Twenty-eight female guards were unfairly dismissed by a security company because the client‚ Metrora.
Zukile Majova and Namhla Tshisela
President Jacob Zuma has committed himself and his government to "working hard" to improve the lives of township residents.
He also promised to set up a toll-free hotline to his office where people can report corruption and register complaints about the pace of service delivery.
During his visit to various parts of Soweto yesterday, Zuma said people should be able to reach the Presidency "timeously to raise issues and alert us to any problems or development needs".
Thanking residents for returning the ANC to power, the president said his government would "work tirelessly to change the face of townships in our country".
He told residents that 800000 more people voted for the ANC in last month's elections than in 2004.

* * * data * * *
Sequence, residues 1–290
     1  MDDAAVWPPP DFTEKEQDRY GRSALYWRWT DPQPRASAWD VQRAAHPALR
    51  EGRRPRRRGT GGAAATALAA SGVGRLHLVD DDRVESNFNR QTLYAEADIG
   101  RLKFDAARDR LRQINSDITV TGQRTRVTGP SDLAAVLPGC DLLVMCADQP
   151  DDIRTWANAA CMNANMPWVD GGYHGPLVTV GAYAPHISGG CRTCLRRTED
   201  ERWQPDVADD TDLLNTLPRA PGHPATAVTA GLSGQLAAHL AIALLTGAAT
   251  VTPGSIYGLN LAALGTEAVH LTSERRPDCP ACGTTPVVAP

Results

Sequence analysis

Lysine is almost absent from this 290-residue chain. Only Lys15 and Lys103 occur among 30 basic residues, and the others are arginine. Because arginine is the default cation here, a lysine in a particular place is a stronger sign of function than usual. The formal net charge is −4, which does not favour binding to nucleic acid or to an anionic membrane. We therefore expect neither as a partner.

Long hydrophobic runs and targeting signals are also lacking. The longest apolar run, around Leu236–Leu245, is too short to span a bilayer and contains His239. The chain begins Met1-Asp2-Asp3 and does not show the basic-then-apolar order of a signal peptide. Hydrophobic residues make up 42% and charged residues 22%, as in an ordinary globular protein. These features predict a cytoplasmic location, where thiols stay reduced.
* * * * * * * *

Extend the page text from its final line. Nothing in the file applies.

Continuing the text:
Zuma said his government would serve all citizens regardless of whether they voted for the ANC or not.
"When we look at our Cabinet we see South Africa. It underscores our vision of a South Africa that belongs to all who live in it, black and white, young and old, urban and rural."
He said he wiould ensure that voting was no longer a blank cheque for politicians to do as they please until the next elections.
In Alexandra, Zuma said "on the eve of Africa Day celebrations" residents should root out xenophobia and other social ills that led to the outbreak of anti-foreigner violence last year.
He said Alexandra, known for its contributions in the liberation struggle, including the famous bus boycott of 1950s, should now lead in the fight against crime.
Zuma officially opened the R1,3billion Alexandra Renewal Project and promised that the project would continue beyond 2010.
Developers estimate that about R1,7billion over the next three years will be needed to complete the project.
Earlier, Zuma paid tribute to "the pioneering spirit of Richard Maponya who has shown the way for black business that it is prudent to invest in our townships".